Aug. 16 (Bloomberg) -- BlackBerry Ltd. Chief Executive Officer Thorsten Heins stands to make $55.6 million if he sells the company and is ousted.
That’s the amount he’s entitled to receive if BlackBerry has a change of control and Heins is pushed out by the new owners, according to a May proxy filing. The figure, which includes salary, incentive payments and equity awards, is based on BlackBerry’s stock price at the end of the fiscal fourth quarter. The plan was approved by shareholders at its annual meeting on July 9.
Shares of BlackBerry jumped more than 10 percent on Aug. 12 on speculation that the struggling Canadian smartphone maker will be bought, broken up or taken private, bringing a windfall to investors. The Waterloo, Ontario-based company announced plans that day to form a board committee to consider a potential sale, as well as joint ventures and partnerships.
The board probably shouldn’t have created an exit package that offers so much money for selling the company, said Sameet Kanade, an analyst at Jacob Securities Inc. in Toronto.
“The onus of structuring that contract was on the board,” Kanade said. “It’s a lot of money. The board should be looking out for shareholders.”
Prem Watsa, a Toronto businessman and BlackBerry’s largest shareholder, is stepping down from the board, fueling speculation that he may play a role in rescuing the company. Still, finding potential buyers may not be easy. BlackBerry bankers JPMorgan Chase & Co. and RBC Capital Markets quietly contacted possible bidders for almost a year and found little interest in acquiring the company, said two people familiar with those discussions.
The CEO of Caisse de Depot et Placement du Quebec, Canada’s second-largest pension-fund manager, said today he’d consider investing in BlackBerry, though he knows of no deal in the works.
“We’d be open to looking at it,” Michael Sabia told analysts on a conference call today. “Our judgment of it would depend on what the specific conditions were -- the returns, the structure of the deal.”
Sabia’s comments echo those made by other pension funds, including the Canada Pension Plan Investment Board, which last week said it would consider investing in BlackBerry if the opportunity arose. Caisse de Depot oversaw assets worth about C$185.9 billion ($180 billion) as of June 30.
“Whether we do it or not, I can’t tell you,” Sabia said. “I have no idea because that’s not something that’s on the table as we speak.”
The shares fell 4.1 percent to $10.51 today in New York.
If Heins is terminated without a change of control, he is entitled to $22 million in salary, incentive payments and equity awards, based on the March 28 share price. The payout would include his base salary of $3 million and about $72,000 in benefits and retirement savings. He also is eligible for an annual incentive payment of $2.8 million, which climbs to $4.5 million in a change-of-control scenario.
The equity awards are valued at $16.1 million if he’s simply terminated and $48 million if it happens at the hands of new owners. The documents don’t specify what might occur in a more complex breakup situation.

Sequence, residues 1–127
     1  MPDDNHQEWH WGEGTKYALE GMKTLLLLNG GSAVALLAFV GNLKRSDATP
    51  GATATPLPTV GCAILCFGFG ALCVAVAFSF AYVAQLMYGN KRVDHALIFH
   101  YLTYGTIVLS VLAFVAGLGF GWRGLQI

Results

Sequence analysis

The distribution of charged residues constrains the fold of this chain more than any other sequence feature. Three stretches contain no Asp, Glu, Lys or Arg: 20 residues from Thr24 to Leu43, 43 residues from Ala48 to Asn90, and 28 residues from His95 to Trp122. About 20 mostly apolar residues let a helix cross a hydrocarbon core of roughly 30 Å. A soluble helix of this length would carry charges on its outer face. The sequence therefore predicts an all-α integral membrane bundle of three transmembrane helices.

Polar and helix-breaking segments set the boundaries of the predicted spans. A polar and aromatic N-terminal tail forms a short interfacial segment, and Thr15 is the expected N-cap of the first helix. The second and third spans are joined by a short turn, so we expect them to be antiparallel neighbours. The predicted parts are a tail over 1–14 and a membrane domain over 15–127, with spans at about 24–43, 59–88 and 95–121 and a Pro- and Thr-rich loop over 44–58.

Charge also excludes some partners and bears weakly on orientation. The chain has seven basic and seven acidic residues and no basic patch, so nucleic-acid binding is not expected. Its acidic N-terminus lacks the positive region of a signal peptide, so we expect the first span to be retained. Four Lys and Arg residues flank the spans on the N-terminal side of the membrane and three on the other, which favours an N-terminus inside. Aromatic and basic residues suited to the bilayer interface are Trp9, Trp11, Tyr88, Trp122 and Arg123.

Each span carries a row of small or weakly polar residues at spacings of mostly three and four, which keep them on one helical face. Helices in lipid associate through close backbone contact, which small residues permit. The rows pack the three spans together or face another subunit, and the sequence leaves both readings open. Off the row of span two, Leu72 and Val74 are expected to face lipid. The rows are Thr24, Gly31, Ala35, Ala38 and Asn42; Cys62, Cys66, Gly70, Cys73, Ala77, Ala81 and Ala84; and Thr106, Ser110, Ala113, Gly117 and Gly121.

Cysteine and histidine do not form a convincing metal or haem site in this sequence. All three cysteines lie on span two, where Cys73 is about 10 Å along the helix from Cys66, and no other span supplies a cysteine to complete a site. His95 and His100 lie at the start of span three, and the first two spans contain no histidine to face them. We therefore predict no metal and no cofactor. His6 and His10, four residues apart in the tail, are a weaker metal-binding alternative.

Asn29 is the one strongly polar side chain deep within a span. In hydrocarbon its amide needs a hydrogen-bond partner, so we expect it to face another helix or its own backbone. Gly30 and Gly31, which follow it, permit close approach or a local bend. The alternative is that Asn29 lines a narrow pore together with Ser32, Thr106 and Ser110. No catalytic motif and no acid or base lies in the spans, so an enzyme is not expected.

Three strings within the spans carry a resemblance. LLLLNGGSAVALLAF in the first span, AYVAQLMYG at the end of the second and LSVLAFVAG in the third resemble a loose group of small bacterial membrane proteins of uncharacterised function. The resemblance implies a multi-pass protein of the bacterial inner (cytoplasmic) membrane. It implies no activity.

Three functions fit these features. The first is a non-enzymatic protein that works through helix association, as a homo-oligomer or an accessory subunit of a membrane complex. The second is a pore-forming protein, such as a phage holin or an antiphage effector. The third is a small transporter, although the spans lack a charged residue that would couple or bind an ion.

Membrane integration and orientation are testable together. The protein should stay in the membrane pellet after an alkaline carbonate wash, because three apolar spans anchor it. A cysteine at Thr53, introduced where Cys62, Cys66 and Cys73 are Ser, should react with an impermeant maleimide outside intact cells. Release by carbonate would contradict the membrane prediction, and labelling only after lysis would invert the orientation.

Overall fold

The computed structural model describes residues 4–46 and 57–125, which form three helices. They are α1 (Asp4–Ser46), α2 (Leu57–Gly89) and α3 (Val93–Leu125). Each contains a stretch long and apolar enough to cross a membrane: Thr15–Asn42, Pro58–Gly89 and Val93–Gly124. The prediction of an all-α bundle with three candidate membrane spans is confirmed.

As of yesterday’s close, the shares are trading 24 percent below the March 28 price on which the company’s payout scenario was calculated. Adjusting for the difference, Heins would be eligible for a payout of about $44 million, according to Bloomberg calculations.
Adam Emery, a spokesman for BlackBerry, declined to comment on the package.
Heins was named CEO in January 2012, replacing co-founders and co-CEOs Mike Lazaridis and Jim Balsillie, who stepped down after shareholders demanded a management shakeup. At the time, Heins was the company’s chief operating officer, having joined BlackBerry in 2007 after more than two decades at Siemens AG.
Heins was initially criticized for saying BlackBerry didn’t need “drastic” changes, though he went on to make big moves at the company. He named new sales, marketing and legal chiefs, and eliminated 5,000 jobs as part of an effort to cut $1 billion in operating costs. He also closed six of the company’s 10 manufacturing plants.
Even as he scaled back the size of the company, Heins was counting on the release of new BlackBerry 10 phones to restore its former glory. The first of the new models, the touch-screen-equipped Z10, was unveiled in January at a lavish New York event. It didn’t fare well with consumers, selling almost 1 million fewer units last quarter than estimated.
Heins first hired JPMorgan and RBC to advise the company on its strategic options last year, though he stressed at the time that the banks were focusing on potential partnerships and software licensing deals. When pressed, he said he couldn’t rule out a sale of the company, though that wasn’t the “main direction” he was pursuing. The tone changed this month: BlackBerry’s Aug. 12 statement was the first time the company confirmed in writing that it would consider takeover offers.
BlackBerry created Heins’s compensation package after consulting an index of technology companies, including Amazon.com Inc., Nokia Oyj and Yahoo! Inc., according to the filing in May.
“It was determined that while Mr. Heins’s total direct compensation was conservative compared to the median of the comparator group, it provided a strong pay-for-performance orientation,” the company said.
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